Kendall Phillips states in his book Projected Fears,“Not only does Night draw on the political images and concerns relevant to the counterculture of the 1960s, but also its narrative structure parallels the emergence and dissolution of the counterculture’s political aspirations.” At this time, the flower child and civil rights movements were emerging in the wake of Vietnam, and African Americans were finally beginning to be recognized as more than just second-class citizens. By Romero utilizing an African American as a protagonist, he helped enforce the changing political and social norms of the time. Unlike White Zombie, Night of the Living Dead takes place in rural America, a very familiar territory for most audience members. 

By bringing this fear into the backyards of those watching the films, it removed the safe sense of separation audiences had when watching White Zombiewith its Haitian background and now forced audiences to see the world how it really was by pointing the lens at Middle America.  Romero firmly claims that when Duane Jones auditioned for the role of Ben, he earned the role because he was the better actor, and not because of the color of his skin.  It is still debated whether or not this is fully true, but regardless of intent, Ben still remains to be one of the most progressive characters for African Americans in horror films. 

Although George A. Romero is a white man, his progressive viewpoints helped to influence a greater thought process towards minorities in cinema. Instead of reinforcing or exploiting the racial fears that white Americans possessed (and showcased in the 1930s), he condemns them and even shames the viewer for feeling that way. Phillips continues to say in his book, “Even for audiences not directly identified with the racial frustrations implicit in Ben’s actions, Ben is an attractive protagonist because he embodies a pragmatic militancy” The narrative story shows Ben as the protagonist and the major antagonist to be a white man.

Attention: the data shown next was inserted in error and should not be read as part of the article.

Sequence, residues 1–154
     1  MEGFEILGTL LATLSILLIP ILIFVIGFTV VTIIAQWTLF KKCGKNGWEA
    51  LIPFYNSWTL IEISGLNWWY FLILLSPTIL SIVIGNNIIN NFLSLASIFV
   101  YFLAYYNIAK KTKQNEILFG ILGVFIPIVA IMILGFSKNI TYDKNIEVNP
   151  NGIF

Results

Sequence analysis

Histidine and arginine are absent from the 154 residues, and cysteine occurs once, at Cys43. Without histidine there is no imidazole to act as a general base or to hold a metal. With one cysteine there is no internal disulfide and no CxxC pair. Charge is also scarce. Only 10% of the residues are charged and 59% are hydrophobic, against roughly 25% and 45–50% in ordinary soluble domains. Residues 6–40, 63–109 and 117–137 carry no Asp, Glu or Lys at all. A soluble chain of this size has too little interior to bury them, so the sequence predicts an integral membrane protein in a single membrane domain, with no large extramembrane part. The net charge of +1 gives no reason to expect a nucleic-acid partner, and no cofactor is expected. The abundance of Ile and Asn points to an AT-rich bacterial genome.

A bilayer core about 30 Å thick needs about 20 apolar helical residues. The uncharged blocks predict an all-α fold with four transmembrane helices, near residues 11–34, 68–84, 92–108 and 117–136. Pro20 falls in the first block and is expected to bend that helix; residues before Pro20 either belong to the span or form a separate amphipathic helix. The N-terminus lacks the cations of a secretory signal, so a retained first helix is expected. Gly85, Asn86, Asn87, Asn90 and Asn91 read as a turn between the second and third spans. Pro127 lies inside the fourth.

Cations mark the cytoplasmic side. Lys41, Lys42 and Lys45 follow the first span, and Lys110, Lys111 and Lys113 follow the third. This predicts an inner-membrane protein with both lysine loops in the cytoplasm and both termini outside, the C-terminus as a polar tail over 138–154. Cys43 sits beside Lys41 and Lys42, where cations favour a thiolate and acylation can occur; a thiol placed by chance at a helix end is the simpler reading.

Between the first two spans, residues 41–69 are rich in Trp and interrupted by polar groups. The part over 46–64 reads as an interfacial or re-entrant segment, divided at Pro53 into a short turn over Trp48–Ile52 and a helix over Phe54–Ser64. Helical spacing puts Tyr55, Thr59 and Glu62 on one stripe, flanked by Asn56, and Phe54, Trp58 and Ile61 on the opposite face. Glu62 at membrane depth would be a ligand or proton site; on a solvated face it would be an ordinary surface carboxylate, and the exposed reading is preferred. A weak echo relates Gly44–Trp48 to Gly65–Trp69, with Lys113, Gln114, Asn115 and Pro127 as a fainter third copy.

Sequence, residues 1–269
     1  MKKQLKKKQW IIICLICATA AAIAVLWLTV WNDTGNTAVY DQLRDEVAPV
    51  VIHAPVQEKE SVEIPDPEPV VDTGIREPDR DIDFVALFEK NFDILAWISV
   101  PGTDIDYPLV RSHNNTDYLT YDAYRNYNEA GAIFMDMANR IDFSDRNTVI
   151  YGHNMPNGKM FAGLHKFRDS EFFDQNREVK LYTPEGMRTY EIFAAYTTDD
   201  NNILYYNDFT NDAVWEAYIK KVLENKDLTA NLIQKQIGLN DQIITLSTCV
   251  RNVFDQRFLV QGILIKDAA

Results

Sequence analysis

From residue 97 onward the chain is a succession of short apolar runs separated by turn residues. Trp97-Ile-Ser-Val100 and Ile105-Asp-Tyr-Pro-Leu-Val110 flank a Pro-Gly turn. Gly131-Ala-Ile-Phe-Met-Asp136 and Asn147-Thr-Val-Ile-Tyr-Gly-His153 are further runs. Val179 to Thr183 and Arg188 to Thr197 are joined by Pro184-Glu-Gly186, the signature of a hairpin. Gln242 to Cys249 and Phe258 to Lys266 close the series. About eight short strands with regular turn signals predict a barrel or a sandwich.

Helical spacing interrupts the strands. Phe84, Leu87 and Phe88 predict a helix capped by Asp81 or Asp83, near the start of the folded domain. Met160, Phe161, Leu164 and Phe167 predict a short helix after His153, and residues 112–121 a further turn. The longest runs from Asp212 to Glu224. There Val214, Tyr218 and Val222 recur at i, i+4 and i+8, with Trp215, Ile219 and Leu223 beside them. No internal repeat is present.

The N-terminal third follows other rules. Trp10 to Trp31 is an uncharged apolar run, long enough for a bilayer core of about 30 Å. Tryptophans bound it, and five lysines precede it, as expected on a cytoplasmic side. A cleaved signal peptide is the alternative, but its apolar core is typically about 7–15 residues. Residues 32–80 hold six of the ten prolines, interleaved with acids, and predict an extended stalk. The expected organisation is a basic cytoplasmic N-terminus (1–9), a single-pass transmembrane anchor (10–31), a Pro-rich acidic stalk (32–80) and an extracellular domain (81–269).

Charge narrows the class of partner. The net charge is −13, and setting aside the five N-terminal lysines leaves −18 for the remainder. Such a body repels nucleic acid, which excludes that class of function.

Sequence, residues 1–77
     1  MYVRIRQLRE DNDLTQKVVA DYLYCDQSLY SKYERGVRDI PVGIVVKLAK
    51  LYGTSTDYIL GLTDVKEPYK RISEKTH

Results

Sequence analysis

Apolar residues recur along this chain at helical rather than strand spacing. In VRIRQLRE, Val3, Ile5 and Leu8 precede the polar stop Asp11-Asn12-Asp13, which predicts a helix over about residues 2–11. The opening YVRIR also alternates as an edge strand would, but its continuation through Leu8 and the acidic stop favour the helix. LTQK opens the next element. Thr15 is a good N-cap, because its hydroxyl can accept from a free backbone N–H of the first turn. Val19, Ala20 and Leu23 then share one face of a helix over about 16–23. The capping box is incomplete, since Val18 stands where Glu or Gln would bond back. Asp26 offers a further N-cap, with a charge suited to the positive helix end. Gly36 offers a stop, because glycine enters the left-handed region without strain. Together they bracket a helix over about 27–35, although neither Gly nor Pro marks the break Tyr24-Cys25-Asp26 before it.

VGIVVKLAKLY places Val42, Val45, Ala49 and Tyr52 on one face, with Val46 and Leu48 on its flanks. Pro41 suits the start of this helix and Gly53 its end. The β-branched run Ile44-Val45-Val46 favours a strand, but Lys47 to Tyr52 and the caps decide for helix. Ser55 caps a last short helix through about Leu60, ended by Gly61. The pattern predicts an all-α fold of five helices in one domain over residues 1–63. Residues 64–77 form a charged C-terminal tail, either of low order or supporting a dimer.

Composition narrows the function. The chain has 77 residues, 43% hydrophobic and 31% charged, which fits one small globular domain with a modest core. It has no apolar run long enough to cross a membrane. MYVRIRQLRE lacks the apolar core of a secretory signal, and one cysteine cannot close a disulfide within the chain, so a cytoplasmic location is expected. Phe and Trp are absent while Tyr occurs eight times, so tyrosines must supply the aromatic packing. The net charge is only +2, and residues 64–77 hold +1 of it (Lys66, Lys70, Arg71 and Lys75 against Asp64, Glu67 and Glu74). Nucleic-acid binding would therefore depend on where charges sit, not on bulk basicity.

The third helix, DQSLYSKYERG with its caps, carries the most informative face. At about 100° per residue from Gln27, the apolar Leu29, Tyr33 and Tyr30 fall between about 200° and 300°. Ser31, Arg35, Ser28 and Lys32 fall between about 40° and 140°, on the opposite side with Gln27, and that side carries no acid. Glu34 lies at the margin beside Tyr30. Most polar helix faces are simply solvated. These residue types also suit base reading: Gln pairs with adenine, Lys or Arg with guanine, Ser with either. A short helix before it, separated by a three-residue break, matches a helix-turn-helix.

Regardless of an individuals feelings on racial acceptance, the story is written to where the white man, Harry Cooper is impossible to root for and in turn, forces the audience to support the black man, Ben. Ben was one of the most prominent figures of African Americans in films portraying something outside of a parody or stereotype. The existing through line between both 1932’s White Zombie and 1968’s Night of the Living Dead clearly both utilize the setting and narrative properties in order to showcase the underlying correlation between the American zombie film and society’s viewpoints towards African Americans. While the 1930s used exotic landscapes and foreign practices to excuse their racist beliefs, the civil rights empowering late 1960s forced the horror in our own backyards and forced us to take a closer look at the way we treat our fellow man.

About the Author

BJ Colangelo is a contributing writer for Icons of Fright, Blumhouse, and the creator of Day of the Woman: A blog for the feminine side of fear.  She’s also an actress, screenwriter, film theorist, plus-size model, and dessert flavored vodka connoisseur (@bjcolangelo)